SHERIDAN — Two local archaeologists discovered a mutual passion for history while working in an excavation pit together for a school archaeology project as Sheridan College students in 1994.
Kevin O’Dell and Jim Powers quickly became friends, eventually coworkers and now co-owners of Old Army Records.
Their specific interest in 19th century U.S. military history connected them again when O’Dell asked Powers to help him with contract work through a grant for the Fetterman Battlefield.
“The Fetterman project prompted wanting to get into more information about the individuals that died, especially the enlisted men,” O’Dell said. “(We) basically (wanted to find out) who they were as individuals, their character, backgrounds and what not.”
Following a trip to Washington, D.C., to begin looking up the history for 19th century U.S. military, they discovered a plethora of unpublished documents during that time period.
They also realized much of the published works today included erroneous information about crime and punishment.
So the two set out to bring the military men and women of the 19th century to life through their business venture and pet project — Old Army Records.
“It steamrolled into basically transcribing every official piece of military correspondence and document prepared long ago,” O’Dell said.
While the project has been funded primarily out of O’Dell’s and Powers’ pockets, they did find funding and development help from the Sheridan branch of the Wyoming Technology Business Center through the University of Wyoming.
WTBC was launched in 2006 as part of the University of Wyoming’s mission to provide affordable higher education of the highest quality; technology transfer and economic and community development, according to the UW website.
Sheridan WTBC director Scot Rendall and the developers, believe the website will help create a niche market of military history and genealogy on an easy-to-access web platform.
“Other genealogy companies/websites have very large databases for researchers to use, but information behind ancestor names sometimes is not that detailed,” Rendall said. “Old Army Records has attempted to add a lot of richness to facts available on individuals that would have served in the armed forces in the 1800s.”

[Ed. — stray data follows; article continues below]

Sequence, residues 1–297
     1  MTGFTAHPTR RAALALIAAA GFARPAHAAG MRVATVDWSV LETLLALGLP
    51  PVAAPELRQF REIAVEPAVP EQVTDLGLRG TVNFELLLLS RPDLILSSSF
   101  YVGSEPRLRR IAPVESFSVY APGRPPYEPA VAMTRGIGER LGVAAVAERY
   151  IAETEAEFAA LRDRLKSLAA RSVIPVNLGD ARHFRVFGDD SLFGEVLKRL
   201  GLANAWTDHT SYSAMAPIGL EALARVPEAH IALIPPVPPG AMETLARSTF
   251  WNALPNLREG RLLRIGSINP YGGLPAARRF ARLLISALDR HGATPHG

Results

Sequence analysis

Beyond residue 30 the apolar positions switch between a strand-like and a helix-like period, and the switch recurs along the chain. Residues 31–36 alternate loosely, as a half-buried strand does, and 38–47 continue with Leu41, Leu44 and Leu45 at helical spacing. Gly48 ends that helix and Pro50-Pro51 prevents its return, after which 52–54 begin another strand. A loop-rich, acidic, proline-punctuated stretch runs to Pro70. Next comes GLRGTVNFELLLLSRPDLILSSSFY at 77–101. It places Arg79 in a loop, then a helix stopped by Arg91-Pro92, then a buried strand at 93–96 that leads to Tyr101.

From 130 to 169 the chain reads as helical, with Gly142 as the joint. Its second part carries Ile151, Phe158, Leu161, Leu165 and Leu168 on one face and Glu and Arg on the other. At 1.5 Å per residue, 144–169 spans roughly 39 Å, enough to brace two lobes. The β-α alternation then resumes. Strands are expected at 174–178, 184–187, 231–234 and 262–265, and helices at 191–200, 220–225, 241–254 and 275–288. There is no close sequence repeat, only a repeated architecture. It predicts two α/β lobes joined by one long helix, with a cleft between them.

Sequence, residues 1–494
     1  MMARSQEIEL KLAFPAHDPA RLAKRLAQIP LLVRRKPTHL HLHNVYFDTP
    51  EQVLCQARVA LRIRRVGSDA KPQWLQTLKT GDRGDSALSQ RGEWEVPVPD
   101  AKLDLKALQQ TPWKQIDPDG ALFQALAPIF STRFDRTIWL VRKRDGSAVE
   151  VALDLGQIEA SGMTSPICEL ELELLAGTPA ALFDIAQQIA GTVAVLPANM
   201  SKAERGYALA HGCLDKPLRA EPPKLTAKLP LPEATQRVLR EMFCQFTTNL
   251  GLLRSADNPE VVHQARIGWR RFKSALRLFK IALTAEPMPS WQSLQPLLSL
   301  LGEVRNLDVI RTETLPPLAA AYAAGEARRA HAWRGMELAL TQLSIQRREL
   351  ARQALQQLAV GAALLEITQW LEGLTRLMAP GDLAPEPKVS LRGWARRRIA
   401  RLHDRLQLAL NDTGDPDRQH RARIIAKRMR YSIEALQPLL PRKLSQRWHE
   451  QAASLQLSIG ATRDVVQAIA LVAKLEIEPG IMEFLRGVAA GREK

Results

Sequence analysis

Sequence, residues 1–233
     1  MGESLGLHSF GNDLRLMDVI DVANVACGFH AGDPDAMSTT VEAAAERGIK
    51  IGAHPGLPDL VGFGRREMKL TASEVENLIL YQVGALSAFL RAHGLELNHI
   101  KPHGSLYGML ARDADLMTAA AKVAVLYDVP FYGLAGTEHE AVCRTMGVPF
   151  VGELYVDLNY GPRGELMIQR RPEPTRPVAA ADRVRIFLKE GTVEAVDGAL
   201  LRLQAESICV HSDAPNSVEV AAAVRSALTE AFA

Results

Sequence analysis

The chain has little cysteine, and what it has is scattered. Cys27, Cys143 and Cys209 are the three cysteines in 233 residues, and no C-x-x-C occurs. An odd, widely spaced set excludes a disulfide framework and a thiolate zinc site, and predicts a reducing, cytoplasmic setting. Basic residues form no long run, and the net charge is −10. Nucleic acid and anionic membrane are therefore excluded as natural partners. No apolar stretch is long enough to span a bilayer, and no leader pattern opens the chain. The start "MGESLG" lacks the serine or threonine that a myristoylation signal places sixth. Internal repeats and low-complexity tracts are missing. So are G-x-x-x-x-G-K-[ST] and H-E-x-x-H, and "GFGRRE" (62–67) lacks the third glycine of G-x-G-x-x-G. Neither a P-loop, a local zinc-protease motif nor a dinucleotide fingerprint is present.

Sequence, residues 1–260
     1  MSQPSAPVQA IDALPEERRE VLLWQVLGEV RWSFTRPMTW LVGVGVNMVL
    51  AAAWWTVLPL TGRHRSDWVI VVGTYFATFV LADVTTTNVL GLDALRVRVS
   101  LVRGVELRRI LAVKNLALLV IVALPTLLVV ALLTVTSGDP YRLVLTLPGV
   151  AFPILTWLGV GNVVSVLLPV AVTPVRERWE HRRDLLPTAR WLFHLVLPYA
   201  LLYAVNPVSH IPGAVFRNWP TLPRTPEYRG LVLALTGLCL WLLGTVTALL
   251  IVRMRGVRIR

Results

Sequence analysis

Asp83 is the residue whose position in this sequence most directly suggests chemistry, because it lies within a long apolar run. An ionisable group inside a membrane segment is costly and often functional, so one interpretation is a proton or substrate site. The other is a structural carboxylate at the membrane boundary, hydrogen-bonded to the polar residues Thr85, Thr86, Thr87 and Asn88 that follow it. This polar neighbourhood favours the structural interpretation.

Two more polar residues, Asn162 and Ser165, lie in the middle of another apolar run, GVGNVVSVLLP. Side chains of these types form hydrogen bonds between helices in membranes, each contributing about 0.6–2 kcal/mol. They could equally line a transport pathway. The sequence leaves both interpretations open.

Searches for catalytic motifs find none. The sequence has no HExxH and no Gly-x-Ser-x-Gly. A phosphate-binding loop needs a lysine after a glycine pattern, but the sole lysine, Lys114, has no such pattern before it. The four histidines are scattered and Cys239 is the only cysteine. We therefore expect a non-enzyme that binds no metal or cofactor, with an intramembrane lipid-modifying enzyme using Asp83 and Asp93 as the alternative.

O’Dell and Powers will publish the first set of documents detailing court marshal data and cases from the Old Army time period.
The duo, with help from third-party contractors — document scanning operators and database populators — will roll out their 15,000 or more indexed documents.
Court marshal documents prove rich with information, as names and other details are meticulously listed, including several names involved in each case, why soldiers committed crimes and why officers wrote them up for those crimes.
“It puts the person in context,” O’Dell said.
Documents list clothing type, crime and punishment orders, medical history, casualty data, weaponry carried and even what food they ate.
“You find that these individuals that we don’t have any connection with, they’re just like us,” Powers said. “There are the same type of motivations for everything they did. And the military has the same concept.”
O’Dell and Powers front as full-time archaeologists, contracting with oil and gas companies to survey land with an occasional contract to work under grant funding to survey battlefield sites around Wyoming.
Rendall said by the end of 2018, the website should be in a position to sell subscriptions and generate a revenue stream to help continue efforts of historic preservation and accessibility.
A $10,000 funding stream from the WTBC will help oldarmyrecords.com continue to grow as a database, which can be utilized by those looking into family genealogies, authors, interpretive centers or anyone generally curious about a person, place or event related to the military between 1800 and 1900.